This is what I liked so much about this book: “The Diet Fix: Why Diets Fail and How to Make Yours Work”

The book shows another approach for losing weight. As one review says: “It allows people to keep what they like most about food — the taste and indulgences — and to get rid of what they don’t like about food — overeating and guilt

Diet shouldn’t be a tormenting process. We didn’t come to this world to suffer and feel miserable.

The most important lesson I got from reading the book is this: we must avoid hunger at all costs.

Every diet I tried forcing me to reduce food quantity and be hungry. Is the something more depressing than to walk around hungry and desperate for food all the time?

We need to forget everything we have learned about weight loss, therefore the book starts with a 10-day reset plan that to my surprise was very easy to go through.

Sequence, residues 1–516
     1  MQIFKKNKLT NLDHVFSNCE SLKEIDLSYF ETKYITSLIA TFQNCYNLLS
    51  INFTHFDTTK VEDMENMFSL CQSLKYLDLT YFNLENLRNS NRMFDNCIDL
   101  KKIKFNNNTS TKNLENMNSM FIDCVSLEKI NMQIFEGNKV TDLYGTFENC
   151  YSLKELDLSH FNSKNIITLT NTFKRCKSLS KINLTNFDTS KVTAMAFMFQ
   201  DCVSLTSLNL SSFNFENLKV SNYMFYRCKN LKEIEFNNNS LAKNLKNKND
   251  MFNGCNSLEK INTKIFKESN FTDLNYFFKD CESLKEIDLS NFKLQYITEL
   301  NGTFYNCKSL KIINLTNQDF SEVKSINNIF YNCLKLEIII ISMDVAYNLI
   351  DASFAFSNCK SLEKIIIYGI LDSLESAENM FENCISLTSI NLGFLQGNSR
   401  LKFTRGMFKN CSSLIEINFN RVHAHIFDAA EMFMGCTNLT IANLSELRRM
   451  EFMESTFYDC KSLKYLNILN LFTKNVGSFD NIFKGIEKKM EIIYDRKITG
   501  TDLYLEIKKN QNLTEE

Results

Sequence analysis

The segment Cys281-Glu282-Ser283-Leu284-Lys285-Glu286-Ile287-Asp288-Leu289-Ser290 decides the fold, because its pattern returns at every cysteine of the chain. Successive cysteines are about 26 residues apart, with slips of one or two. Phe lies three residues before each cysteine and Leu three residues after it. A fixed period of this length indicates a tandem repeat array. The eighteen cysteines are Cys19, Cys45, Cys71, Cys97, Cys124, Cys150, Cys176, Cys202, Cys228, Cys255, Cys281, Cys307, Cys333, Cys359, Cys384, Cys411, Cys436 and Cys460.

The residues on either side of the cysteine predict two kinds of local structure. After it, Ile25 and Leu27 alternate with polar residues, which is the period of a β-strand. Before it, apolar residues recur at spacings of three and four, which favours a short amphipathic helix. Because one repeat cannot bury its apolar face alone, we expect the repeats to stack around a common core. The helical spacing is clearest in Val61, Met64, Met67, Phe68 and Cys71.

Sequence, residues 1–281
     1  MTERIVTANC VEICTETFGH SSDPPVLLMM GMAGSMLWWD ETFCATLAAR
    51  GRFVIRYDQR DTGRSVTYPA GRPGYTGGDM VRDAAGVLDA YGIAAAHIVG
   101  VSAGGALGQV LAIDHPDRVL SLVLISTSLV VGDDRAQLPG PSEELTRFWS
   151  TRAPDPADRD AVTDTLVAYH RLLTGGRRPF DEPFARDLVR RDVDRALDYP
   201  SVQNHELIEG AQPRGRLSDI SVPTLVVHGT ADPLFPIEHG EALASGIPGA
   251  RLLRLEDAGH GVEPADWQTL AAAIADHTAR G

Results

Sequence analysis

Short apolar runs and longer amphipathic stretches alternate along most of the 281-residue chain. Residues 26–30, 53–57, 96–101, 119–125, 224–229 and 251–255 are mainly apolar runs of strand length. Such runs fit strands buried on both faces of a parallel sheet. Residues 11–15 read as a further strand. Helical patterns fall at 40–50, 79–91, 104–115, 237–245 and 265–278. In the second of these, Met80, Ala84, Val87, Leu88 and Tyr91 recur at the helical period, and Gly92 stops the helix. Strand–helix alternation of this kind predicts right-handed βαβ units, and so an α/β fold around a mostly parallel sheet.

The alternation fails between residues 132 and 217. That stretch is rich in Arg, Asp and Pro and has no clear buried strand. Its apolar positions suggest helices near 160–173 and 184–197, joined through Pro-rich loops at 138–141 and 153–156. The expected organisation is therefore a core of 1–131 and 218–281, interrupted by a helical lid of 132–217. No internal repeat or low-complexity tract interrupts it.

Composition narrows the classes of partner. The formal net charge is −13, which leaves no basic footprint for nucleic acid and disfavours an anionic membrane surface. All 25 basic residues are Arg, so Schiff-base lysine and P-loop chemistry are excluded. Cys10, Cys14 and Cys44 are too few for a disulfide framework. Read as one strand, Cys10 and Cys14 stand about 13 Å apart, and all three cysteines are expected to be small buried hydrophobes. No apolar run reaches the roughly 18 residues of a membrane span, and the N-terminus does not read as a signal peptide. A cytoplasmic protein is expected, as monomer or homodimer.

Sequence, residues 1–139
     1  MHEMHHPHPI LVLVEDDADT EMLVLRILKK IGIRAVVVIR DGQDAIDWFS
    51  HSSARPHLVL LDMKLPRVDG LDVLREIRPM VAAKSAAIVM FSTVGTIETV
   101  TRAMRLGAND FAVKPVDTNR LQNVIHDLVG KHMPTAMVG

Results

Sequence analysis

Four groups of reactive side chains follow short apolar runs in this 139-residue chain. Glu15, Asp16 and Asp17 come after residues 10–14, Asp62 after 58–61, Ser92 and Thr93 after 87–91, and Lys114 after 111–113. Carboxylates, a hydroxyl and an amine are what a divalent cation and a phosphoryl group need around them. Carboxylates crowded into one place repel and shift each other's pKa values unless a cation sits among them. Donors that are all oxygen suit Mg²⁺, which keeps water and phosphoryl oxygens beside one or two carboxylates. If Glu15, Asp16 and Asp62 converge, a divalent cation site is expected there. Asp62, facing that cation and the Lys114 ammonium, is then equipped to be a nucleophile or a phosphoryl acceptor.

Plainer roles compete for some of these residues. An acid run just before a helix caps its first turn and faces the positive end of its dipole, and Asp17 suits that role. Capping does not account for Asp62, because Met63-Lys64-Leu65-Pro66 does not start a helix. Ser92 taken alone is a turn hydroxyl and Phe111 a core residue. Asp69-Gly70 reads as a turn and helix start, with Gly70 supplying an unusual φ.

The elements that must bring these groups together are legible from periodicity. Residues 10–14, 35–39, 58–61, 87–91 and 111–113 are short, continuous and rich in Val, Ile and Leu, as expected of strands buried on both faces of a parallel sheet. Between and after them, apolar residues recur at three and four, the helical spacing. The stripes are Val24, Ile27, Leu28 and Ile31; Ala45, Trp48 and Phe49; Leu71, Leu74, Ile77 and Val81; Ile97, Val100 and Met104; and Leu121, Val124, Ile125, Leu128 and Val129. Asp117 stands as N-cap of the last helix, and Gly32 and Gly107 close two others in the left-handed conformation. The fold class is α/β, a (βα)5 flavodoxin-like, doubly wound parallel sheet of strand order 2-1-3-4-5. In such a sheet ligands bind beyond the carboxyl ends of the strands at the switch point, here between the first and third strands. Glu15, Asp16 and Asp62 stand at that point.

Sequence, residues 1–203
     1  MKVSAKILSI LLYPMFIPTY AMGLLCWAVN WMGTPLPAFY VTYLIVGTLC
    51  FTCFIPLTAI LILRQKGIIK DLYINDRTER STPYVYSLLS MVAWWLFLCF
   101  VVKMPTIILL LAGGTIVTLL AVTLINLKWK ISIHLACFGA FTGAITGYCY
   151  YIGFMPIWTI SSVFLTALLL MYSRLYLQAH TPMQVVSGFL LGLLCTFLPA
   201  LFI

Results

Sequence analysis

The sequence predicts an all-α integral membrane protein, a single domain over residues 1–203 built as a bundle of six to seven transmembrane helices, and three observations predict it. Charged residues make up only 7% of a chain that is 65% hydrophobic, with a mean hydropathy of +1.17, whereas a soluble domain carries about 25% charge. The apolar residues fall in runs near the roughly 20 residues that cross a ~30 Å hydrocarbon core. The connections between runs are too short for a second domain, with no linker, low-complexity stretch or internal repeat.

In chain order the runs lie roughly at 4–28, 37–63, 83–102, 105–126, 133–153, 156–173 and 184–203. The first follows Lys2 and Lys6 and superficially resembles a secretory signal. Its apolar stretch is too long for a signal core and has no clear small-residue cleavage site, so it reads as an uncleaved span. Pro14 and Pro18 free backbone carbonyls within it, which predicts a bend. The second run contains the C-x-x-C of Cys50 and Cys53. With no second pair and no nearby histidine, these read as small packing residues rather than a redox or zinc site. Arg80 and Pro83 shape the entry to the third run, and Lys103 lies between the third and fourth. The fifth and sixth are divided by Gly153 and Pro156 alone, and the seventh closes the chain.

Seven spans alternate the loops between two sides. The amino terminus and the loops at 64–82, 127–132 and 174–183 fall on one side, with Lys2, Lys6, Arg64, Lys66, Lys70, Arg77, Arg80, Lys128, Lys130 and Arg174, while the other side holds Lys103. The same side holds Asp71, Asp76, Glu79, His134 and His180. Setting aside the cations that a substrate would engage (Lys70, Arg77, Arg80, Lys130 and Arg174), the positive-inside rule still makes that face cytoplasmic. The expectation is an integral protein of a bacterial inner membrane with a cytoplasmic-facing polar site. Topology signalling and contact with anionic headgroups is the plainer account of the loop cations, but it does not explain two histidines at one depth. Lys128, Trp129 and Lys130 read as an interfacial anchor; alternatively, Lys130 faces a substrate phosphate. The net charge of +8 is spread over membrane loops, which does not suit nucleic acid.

The book makes it clear why all the diets we tried were doomed to fail from day one and the practical part is, it explains how to fix that.

Our diets and “healthy” food knowledge are influenced by multi-billion industry.  Corporations that make all there is in their power to make us consume their product. None of them really give a damn if we lose weight or not. As far as they care we can continue being fat as long as we buy their products.

If you lost your hope to reduce your weight, cheer up there are proven methods to slim down. Instead of being overweighed read this book and try a different approach to weight reduction.

 

common pitfalls

  • Eating too little – a common misconception is that a great calories deficit will make you lose weight fast. Many diets gurus will tell you that you calories intake should be far less than the calories you spend. Some of them will mention the rules of thermodynamics. The rules of thermodynamics are good for mechanical systems, the human body is much more complicate and evolved from mechanical systems. Our body knows how to control its systems and he has learning abilities. He adjusts. When there is a big deficit in calorie the body slows down. It decreases his activities. If the deficit continues the body becomes more efficient and learns to use fewer calories. The weight stays more or less the same.